He talked about her to anybody who’d listen. “If I was at the counter of a diner and someone said, ‘Can you pass the salt?’ I’d say, ‘Yeah, my wife used to like a lot of salt.’ ”
For a solid year, he wrote her a letter every day. He couldn’t fill his tank up with gas without driving to her grave. “She would have turned 64 this year, and that’s unbelievable to me,” he says. “I still think about her every day.”
But he also tells us about his girlfriend, Linda Kunhardt, a teacher nearly 30 years his junior. And she’s definitely not the first.
Just two weeks after Kenyon died, Hall bought himself a box of condoms, desperately searching out affairs. They were, he wrote in one poem:
As distracting as Red Sox baseball
And even more subject to failure.
He holds up a recent copy of Poetry magazine to show off Linda’s first published work, called “The Slaying.” It’s a five-stanza poem with a refrain that goes: I find executives in my pants.
Hall giggles and says: “I have no idea what it means.” But he loves that she’s as off-beat as he is and, he adds, “She’s messy, too. She loves my hair.”
• • •
In 2007, Hall thought he had written his last. “What came first, the depression or the writer’s block, I don’t know,” he explains. Having just finished his yearlong stint as Poet Laureate of the United States, he found himself pacing from one end of his Civil War-era farmhouse to the other. For the first time in his life, he could not commit words to paper.
He lost 60 pounds.
His son was so worried that he removed his pistol from the house.
He took him to a doctor, who found a pharmaceutical fix. And before long, he picked up his legal pad.
The New Yorker published “Meatloaf” in July 2010, an ode to baseball, grief and poetry, written in nine stanzas of nine lines of nine syllables.
I live alone with baseball each night
but without poems. One of my friends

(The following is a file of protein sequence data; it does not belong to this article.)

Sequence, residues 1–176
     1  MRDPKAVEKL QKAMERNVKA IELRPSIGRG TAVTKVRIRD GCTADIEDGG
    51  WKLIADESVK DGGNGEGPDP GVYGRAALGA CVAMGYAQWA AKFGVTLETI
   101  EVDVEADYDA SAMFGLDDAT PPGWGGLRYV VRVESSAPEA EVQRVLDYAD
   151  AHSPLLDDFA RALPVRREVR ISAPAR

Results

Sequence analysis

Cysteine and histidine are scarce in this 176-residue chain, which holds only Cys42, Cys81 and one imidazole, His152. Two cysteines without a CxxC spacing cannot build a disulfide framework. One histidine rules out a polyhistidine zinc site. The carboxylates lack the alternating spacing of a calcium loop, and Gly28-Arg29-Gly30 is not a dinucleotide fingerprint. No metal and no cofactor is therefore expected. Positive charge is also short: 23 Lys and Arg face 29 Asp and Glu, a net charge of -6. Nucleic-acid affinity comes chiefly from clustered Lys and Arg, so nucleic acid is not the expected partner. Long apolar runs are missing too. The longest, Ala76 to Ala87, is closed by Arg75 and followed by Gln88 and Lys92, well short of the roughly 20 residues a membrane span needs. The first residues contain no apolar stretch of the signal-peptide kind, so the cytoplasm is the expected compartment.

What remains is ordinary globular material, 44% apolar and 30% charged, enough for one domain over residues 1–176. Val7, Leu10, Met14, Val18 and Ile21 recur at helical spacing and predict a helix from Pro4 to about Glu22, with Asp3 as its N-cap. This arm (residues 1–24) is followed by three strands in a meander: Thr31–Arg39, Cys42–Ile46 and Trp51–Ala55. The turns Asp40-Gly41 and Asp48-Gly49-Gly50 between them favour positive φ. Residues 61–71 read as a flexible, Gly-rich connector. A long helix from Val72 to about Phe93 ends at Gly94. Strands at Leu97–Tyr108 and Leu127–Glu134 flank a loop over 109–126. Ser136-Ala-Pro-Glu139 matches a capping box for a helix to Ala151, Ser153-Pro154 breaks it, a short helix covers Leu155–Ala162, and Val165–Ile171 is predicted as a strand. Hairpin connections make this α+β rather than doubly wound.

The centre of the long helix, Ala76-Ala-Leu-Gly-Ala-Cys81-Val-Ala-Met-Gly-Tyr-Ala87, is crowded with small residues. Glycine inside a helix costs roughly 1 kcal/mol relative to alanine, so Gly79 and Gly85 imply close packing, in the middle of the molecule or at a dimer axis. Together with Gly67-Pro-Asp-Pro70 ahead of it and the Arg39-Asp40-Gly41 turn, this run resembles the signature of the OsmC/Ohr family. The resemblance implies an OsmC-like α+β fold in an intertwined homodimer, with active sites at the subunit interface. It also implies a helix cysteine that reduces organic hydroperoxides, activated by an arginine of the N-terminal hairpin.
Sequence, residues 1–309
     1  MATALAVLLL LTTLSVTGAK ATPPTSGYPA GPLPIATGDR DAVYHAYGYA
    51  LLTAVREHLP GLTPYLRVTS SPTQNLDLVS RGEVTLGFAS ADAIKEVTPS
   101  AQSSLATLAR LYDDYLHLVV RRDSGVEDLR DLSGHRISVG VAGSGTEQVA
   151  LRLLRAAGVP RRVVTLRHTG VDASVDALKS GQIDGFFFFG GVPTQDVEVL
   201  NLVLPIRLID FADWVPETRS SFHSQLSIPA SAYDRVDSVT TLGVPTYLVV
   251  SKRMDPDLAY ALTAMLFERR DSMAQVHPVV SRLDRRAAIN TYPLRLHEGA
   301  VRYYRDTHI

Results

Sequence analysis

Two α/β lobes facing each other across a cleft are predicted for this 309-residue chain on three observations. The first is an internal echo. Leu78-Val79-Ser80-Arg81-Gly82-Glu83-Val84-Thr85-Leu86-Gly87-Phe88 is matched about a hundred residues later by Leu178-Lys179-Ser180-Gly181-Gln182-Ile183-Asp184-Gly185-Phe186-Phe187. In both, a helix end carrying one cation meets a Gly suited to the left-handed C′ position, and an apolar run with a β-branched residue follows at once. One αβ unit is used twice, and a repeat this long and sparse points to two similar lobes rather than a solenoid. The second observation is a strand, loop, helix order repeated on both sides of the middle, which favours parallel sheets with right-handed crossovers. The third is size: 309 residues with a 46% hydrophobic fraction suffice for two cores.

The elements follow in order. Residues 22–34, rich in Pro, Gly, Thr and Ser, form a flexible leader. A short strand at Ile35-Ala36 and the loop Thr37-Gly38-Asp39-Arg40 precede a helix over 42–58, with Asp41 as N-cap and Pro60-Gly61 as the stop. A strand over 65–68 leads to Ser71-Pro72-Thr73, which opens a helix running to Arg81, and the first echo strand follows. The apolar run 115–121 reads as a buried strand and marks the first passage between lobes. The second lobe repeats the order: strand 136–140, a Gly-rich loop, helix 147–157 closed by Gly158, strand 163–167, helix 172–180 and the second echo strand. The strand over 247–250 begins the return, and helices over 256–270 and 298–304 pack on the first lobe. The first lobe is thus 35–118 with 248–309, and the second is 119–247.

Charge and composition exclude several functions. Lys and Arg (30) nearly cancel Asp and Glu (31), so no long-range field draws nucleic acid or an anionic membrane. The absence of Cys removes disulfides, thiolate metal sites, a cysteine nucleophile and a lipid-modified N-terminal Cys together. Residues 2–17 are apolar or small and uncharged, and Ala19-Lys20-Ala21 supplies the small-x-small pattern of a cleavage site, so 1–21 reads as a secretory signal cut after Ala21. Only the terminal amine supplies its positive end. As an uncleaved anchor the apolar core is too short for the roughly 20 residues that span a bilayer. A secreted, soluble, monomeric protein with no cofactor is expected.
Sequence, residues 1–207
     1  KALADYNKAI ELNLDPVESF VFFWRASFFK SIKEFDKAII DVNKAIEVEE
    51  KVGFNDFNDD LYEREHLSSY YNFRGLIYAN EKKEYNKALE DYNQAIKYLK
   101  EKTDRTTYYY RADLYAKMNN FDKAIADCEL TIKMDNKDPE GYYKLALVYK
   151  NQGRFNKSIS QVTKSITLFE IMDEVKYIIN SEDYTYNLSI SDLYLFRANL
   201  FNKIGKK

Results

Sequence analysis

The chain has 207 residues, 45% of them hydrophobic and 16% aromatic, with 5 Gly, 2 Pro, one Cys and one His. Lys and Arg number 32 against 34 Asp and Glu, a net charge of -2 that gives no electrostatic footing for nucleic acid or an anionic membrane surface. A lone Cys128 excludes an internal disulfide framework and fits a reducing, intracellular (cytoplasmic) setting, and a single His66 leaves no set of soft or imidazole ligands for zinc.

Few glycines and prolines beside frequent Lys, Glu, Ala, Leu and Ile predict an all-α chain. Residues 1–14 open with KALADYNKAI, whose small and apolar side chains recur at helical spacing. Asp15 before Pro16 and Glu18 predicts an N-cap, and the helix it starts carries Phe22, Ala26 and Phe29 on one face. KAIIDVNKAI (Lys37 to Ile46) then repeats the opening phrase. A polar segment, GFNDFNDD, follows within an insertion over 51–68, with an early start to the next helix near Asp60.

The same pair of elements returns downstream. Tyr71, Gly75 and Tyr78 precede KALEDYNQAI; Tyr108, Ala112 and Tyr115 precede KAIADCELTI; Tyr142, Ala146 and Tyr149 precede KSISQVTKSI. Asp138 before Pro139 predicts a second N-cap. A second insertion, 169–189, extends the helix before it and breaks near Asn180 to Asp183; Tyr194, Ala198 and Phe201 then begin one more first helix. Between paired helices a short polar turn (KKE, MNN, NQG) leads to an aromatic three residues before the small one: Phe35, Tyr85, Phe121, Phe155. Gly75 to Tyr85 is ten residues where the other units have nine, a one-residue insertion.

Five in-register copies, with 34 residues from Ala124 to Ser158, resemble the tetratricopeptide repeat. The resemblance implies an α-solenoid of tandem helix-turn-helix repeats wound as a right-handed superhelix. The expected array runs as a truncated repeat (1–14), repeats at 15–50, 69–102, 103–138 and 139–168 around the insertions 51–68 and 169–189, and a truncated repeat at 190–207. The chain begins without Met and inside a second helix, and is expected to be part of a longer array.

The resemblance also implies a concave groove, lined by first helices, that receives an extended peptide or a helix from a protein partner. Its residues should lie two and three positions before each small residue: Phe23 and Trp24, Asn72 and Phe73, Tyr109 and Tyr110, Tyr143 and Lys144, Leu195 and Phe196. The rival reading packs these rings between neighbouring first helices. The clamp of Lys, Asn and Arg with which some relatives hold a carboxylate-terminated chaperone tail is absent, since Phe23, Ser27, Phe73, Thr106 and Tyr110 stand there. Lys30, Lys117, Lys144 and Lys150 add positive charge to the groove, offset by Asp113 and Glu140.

called “Baseball” almost poetry. No
more vowels carrying images
leap suddenly from my excited
unwitting mind and purple Bic pen.
With any luck, Hall told us he figured he had one last book left in him, his 39th. And true to word, “The Back Chamber” was released a year later in September 2011. As an L.A. Times reviewer noted rapturously: “Eros and the particulars of skin-on-skin are found on nearly every page.”
A poem generally takes him a year to write, so he had been happy to unearth some abandoned ones from “back from when I was writing a good deal every day and writing a lot of crap.” He saved a dozen of 83 pages and threw the rest away.
During our meeting, one of the recent poems, titled “The Last Stage,” was in its 130th draft and counting. It contained references to Kenyon, dead Red Sox players and anxiety about his house burning down. He read it aloud to us, and it was electrifying.
He said his kids would never want to live at Eagle Pond Farm, and it pains him to consider what will come of his family collections — not the deKoonings and the Warhols as much as the seashells and stones, the tiny lead baseball players he played with as a kid, the statue of an Egyptian ruler he can longer name.
How does he want to be remembered? I asked.
“I’ve lived to see people with three Pulitzers die and be totally forgotten; that might happen to me. But I’d like to think I’ll survive in my work. ”
• • •
In a letter he mailed after our interview, Hall divulged how exactly he’d conquered writer’s block. A pharmaceutical testosterone called Andro-Gel renewed his appetite for … everything.
“Shortly after taking it, my beard grew larger, I felt horny, and I started some new poems. The new book should be dedicated to Andro-Gel! I think this book will be my last. I don’t think I will write any more poems. I am not depressed. I can write prose.”
He may feel peripheral at times, but the New Yorker piece is vintage Hall: elegant and full of gratitude, gumption and candor. I’d love to know how how many drafts he took to compose this thrilling, sweeping sentence:
Decades followed each other — thirty was terrifying, forty I never noticed because I was drunk, fifty was best with a total change of life, sixty extended the bliss and then came my cancers, Jane’s death, and over the years I traveled to another universe.
One dash, five commas, and the anguish of adulthood nailed in just 44 words.
Donald Hall sees the world quite well from his worn chair and, hell yes, he can still write prose.